Strange flashing sounds and a defective transporter beam up is in progress. Its obvious something has gone badly amiss with the transporter. At the console Chief Rand is trying to overcome the problem with the beam up of Commander Sonak's lifeform degrading before them. The human energy patterns flicker into fuller materialization but they're "Forming". Rand vainly attempts to save Sonak and the woman but her grief, panic stricken face says it all. Its a desperate no-win scenario..... We hear a scream of pain and a moan from Vulcan. Kirk takes over but its too late. The death cries reverberate around the Enterprise transporter room, a strange phenomenon in itself.

"Starfleet, do you have them?" demands Kirk anxiously
"Enterprise, what we got back didn't live long.. fortunately."

On the Recreation Deck, the admiral informs the assembled Enterprise crew about the effect V'Ger's destructive powers have had on Earth's defenses. Its unlike anything Starfleet has ever been faced with before. Kirk tells his crew that V'Ger is two and a half days from earth. The Epsilon Nine Station interrupts the briefing with an emergency call from Commander Branch.

"Enterprise... the Cloud is definitely a power field of some kind... Measures... My God! Over 82 A.U.'s in diameter..."

Branch reveals repeated friendship messages have yielded no response. Neither do tactical scans which are reflected back by something within the cloud. Maybe its a vessel of some sort...

Branch orders their shields to maximum power as the Epsilon station is attacked and obliterated before the Enterprise crew's very eyes. Cadets and Officers alike are shocked and stunned into silence. Somebody eventually lets out a scream. Admiral Kirk has to compose himself.

"Our orders are to intercept,investigate; and take whatever action is necessary... and possible. We can only hope that the life form aboard that vessel reasons as we do."

The Enterprise has to Intercept V'Ger and prevent it from reaching Earth at all costs. The crew is given 40 minutes to gather their wits prior to the prelaunch countdown.

Dr Leonard "Bones" McCoy retirement on Earth is rudely cut short along with Lieutenant llia, the navigation officer who beams aboard the USS Enterprise NCC 1701 at Kirk's request. "Bones" is not a happy man. In fact he's extremely peeved about being drafted into service without a moments notice.

James T. Kirk: "Well, for a man who swore he'd never return to Starfleet.."

Leonard McCoy: "Just a moment, Captain, sir. I'll explain what happened. Your revered Admiral Nogura invoked a little-known, seldom-used reserve activation clause. In simpler language, Captain, they drafted me!"

James T. Kirk: "They didn't!"

Leonard McCoy: "This was your idea. This was your idea, wasn't it?" yells McCoy pointing the finger of blame right at Kirk.

James T. Kirk: "Bones, there's a thing out there."

Leonard McCoy: "Why is any object we don't understand always called a thing?"

James T. Kirk:

"Its Headed this way. I need you. Damn it, Bones, I need you. Badly!" pleads the admiral extending a hand.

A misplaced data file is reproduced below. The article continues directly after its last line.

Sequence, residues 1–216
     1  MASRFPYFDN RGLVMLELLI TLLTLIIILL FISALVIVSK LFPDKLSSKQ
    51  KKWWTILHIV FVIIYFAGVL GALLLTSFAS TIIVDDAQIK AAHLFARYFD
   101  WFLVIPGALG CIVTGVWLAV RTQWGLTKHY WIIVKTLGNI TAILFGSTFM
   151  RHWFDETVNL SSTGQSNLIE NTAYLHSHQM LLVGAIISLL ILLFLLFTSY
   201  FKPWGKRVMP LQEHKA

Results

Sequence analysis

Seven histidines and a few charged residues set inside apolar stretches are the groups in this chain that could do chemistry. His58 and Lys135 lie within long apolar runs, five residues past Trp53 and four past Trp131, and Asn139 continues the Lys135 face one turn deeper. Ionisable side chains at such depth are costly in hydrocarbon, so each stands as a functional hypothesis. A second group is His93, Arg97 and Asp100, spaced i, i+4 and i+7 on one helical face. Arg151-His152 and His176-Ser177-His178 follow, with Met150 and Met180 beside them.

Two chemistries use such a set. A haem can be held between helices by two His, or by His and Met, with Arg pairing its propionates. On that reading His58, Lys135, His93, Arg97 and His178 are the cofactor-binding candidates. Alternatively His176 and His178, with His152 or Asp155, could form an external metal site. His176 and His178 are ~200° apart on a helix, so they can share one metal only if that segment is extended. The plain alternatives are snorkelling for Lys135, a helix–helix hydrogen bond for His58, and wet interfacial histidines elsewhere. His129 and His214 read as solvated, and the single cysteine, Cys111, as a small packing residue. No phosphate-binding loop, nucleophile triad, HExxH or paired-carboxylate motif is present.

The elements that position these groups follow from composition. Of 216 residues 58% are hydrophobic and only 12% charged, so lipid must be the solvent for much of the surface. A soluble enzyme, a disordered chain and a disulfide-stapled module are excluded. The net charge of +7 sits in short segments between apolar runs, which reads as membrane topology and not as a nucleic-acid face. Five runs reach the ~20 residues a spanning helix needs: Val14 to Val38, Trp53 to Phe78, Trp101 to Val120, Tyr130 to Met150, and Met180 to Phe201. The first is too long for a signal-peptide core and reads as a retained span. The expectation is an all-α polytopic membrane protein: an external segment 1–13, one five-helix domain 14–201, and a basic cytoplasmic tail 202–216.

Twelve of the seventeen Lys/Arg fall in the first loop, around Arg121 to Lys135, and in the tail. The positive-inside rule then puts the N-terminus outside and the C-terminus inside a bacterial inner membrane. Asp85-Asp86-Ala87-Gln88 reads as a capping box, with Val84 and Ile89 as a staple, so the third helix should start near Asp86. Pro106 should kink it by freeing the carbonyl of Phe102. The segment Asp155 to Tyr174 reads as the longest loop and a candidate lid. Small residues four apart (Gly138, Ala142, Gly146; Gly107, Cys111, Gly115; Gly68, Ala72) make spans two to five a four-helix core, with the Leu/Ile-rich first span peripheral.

Leonard McCoy: "Well, Jim, I hear Chapel's an M.D. now. Well I'm going to need a top nurse... not a doctor who will argue every little diagnosis with me. And they probably redesigned the whole sick bay too! I know engineers, they love to change things."

James T. Kirk: "Well, Bones, do the new medical facilities meet with your approval?"

Leonard McCoy: "They do not. It's like working in a damn computer center."

The original crew are called into action on a deadly mission with one exception. The safety net, Spock is missing. This is gonna be one heck of a rough ride. Starfleet Officers have sworn a solemn oath to serve and protect. Theres little hope about reaching a truce with the killer energy cloud exterminating Federation ships and planets completely from existence.

The Enterprise leaves earth's orbit except an anti-matter imbalance with the warp drive engines causes a terrible malfunction creating a wormhole distortion. A sudden spiraling of stars and light appear hurtling the USS Enterprise NCC 1701-A into a Vortex.

Kirk shouts "Wormhole!.... Get Us back on impulse power! Full reverse!"

The Enterprise has been drawn into a matter-time distortion, with stars, people and voices becoming strange, distorted shapes and sounds the further the ship ventures deeper into the vortex. It stays what seems like a really long time with Sulu reporting negative helm control and Uhura confirming that subspace frequencies have been jammed.

Suddenly the computer alerts the crew to a collision alert! The vortex has pulled in a pitted asteroid which is obstructing the Enterprise's flightpath threatening to destroy the entire ship. The Deflector Shields are over loaded, so too are the main power systems. Kirk orders Chekov to standby on phasers but Decker steps in and belays the admiral's order. The asteroid is getting larger on the viewscreen. With Chekov's help, Decker diverts power in time for him to arm the photon torpedoes and save the ship.

Decker: "Fire Torpedoes...!"

Chekov: "Torpedoes away...!"

The photon torpedoes float towards the asteroid and explode disintegrating the asteroid into several thousand pieces. The Enterprise's forward shields smash the rock fragments into smithereens as they crash against the ship. Bridge Officers brace themselves as the debris field collides and reverberates throughout the ship, making the Enterprise shudder until a feeling of smooth motion reveals their out of it.

Decker explains to Admiral Kirk in the Admiral's quarters why he countermanded his phaser order. Bones tags along and is listening intently.